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To your health?

LIC has launched a unique health plan that also offers ULIP’s advantages. Do you need it?

Nitya Varadarajan | Print Edition: March 9, 2008

Health plan from ULIP
LIC's healthplan also offers all the advantages of ULIP
It was long argued that life insurers were better placed to offer health policies than general insurers because they had the vital database of customers. So, it’s not surprising that Life Insurance Corporation, with its huge data bank, is the first to launch a healthrelated unit linked policy, Health Plus, that offers twin benefits and is reasonably priced.

Health Plus offers a lump sum payment if the policyholder has to undergo surgery for critical diseases— and the list is large. The sum assured is capped at Rs 5 lakh.

 An investment for your health

How LIC’s Health Plus stacks up against regular mediclaim policies.

LIC’S health plus: An investment component allows the health fund corpus to grow

Regular mediclaim: Does not have an investment component

LIC’S health plus: Premiums have to be paid regularly and increase with age as per the LIC’s slab rate

Regular mediclaim: Premiums have to be paid regularly. Premiums increase with age as per insurer’s slab rate, but vary after a major claim

LIC’S health plus: Claims are hassle-free, provided they are within rules

Regular mediclaim: Claim processing can be tedious for large sums. Policies are renewed at the discretion of the insurer

LIC’S health plus: Covers only major surgeries

Regular mediclaim: Covers most surgeries, including non-surgical ailments and less critical surgeries

LIC’S health plus: Payments are made in chunks

Regular mediclaim: Claims are paid as per actual expenses and these are subject to limits on room rent, etc. However, most insurers do cover expenses up to 60 days pre- and post-hospitalisation

LIC’S health plus: Payments of up to three times sum assured in one’s lifetime

Regular mediclaim: Payments of up to 100 per cent of the sum assured every year

It offers hospitalisation cash benefit of a maximum of Rs 2,500 per day for 365 days—particularly useful when hospitalisation does not relate to surgery or the surgery is out of LIC’s ambit. Family members can be co-opted into the plan. However, seniors over 65 have no cover.Like a traditional ULIP, the scheme keeps the unutilised portion of the premium after deducting all expenses in the form of units.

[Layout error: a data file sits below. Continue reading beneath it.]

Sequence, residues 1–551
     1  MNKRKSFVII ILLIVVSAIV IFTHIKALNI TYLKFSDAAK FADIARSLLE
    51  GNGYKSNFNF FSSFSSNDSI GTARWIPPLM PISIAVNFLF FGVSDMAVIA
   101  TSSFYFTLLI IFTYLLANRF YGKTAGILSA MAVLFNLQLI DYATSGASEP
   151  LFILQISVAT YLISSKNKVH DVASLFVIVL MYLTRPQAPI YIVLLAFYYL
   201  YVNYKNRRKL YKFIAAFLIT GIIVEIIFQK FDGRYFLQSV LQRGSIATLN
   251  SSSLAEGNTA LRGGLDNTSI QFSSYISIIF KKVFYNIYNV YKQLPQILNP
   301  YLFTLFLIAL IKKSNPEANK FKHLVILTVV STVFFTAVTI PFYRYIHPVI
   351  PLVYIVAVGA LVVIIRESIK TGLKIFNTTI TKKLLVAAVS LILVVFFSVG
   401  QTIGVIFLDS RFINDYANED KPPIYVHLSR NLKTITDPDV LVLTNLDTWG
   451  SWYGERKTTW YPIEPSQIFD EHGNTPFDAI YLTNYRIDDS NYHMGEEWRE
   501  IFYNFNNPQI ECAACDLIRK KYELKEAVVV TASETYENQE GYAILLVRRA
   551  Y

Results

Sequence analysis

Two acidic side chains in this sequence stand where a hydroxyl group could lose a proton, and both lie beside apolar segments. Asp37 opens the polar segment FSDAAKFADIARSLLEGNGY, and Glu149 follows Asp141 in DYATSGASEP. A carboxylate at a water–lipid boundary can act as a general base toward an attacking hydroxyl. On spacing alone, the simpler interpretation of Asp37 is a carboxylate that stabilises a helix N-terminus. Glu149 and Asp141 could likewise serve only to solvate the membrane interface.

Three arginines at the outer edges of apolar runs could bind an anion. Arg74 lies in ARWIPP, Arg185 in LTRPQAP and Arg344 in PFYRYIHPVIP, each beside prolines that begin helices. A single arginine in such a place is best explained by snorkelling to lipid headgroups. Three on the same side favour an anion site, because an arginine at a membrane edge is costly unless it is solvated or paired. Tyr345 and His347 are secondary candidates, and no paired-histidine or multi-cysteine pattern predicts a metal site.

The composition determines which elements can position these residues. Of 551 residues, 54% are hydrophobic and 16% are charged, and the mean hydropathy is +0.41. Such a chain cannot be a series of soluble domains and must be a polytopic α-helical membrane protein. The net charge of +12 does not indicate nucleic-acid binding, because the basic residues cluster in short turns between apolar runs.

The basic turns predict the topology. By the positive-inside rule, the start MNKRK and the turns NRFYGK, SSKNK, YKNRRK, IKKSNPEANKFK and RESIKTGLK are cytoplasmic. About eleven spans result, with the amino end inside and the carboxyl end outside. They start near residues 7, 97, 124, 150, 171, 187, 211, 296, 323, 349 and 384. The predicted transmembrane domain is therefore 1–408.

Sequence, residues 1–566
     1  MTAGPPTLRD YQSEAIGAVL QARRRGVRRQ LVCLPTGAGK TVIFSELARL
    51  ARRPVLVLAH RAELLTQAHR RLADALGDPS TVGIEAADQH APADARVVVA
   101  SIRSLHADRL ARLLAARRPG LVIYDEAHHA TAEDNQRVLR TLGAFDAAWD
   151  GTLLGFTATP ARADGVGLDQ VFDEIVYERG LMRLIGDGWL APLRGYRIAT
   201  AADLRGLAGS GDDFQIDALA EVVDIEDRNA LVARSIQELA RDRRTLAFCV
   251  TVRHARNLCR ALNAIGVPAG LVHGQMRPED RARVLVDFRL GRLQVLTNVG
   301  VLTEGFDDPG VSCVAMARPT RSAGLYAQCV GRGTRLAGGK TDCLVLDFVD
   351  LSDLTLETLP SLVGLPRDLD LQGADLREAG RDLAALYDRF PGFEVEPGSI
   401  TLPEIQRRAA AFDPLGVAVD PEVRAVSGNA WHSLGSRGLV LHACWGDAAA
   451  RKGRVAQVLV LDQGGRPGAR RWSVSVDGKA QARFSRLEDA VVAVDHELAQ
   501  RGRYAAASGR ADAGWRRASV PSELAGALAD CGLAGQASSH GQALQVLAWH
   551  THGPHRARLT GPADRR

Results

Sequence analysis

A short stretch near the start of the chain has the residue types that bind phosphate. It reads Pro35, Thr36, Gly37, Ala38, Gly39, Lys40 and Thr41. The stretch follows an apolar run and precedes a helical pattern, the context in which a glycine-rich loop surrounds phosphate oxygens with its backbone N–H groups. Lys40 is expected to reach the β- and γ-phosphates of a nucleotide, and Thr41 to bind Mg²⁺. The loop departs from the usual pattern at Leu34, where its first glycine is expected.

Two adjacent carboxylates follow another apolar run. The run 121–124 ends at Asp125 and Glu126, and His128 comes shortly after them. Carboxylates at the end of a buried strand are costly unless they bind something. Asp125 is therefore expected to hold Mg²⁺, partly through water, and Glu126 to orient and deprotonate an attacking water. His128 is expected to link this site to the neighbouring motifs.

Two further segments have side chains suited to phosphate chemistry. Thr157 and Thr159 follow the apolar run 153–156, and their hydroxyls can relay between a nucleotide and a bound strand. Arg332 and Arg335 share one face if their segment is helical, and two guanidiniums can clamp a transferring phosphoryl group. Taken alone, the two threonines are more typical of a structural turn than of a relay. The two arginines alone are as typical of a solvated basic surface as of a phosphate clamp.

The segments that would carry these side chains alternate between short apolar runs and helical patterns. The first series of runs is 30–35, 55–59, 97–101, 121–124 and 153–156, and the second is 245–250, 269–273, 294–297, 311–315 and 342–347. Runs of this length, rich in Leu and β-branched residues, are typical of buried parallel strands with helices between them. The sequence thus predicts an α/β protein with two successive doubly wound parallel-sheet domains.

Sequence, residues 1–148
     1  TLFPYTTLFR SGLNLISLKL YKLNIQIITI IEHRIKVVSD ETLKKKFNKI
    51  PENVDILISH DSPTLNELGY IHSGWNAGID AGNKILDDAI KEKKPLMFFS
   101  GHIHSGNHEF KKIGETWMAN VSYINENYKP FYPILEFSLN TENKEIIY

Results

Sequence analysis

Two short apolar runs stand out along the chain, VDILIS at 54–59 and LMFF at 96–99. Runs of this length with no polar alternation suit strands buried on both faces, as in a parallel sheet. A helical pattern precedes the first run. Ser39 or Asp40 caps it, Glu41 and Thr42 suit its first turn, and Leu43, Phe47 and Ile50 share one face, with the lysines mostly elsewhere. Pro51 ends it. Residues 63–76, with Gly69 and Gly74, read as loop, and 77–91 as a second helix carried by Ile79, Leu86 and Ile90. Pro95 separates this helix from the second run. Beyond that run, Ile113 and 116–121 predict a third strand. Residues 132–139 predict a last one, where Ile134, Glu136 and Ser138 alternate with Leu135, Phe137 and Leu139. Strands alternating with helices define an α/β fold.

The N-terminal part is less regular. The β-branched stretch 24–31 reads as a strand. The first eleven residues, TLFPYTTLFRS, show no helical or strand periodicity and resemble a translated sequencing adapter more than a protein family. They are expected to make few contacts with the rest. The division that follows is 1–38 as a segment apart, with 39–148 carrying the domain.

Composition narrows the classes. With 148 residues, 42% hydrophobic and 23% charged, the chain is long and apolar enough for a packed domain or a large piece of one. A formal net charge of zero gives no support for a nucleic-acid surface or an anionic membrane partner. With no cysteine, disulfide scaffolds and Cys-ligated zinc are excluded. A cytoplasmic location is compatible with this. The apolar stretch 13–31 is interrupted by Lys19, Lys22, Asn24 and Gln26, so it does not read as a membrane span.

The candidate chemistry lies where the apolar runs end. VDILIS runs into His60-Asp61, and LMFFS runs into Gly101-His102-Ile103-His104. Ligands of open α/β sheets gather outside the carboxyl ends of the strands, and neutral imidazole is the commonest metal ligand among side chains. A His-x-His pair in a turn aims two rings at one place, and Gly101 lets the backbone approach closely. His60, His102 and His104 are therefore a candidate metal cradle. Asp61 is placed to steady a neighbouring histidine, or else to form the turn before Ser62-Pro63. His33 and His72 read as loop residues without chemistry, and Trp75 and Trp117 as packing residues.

For now, LIC offers just one type of investment plan that combines growth and safety; it is also designed to protect capital.

The fund allows two payments a year to meet medical exigencies not covered under the policy over the existing expense— either a minimum of Rs 2,500 or up to 50 per cent of your accumulated corpus. Says B. Manivannnan, Zonal Manager, LIC: “The policy allows inclusion of new members at a later date in case of marriage or remarriage of the insured or children who are subsequently born—but does not allow for inclusion of others.”

No claims are entertained in the first 180 days of the policy—the exception being accidents. Also, in the first year, the hospital cash benefit is restricted to 18 days, including nine days in the ICU.

Cash benefit is double for intensive care treatments. The list of diseases is huge and covers seven cardiovascular ailments, which require surgery, splenectomy, bone marrow transplant (as recipient), nine diseases involving the nervous system, among many others.

One can make claims of up to three times the sum assured—and this is not a floating cover. The cover, however, terminates upon the death of the insured, and the balance in the fund is handed to the nominee.

The policyholder is free to reduce the number of members in the cover, and is equally free to increase premium at a later date.

Though the insured could have several policies, the maximum cumulative benefit cannot exceed Rs 5 lakh in case of sum assured and Rs 2,500 a day in case of hospital cash benefit.

Following LIC, Reliance Life has launched a heath-related ULIP policy, but there’s a difference: there is no lump sum benefit for critical diseases.

Any expenditure relating to critical illness or any illness that requires hospitalisation has to come from the fund.

Reliance Life, however, offers a critical illness rider benefit—but this is only a rider and lapses on the first use.

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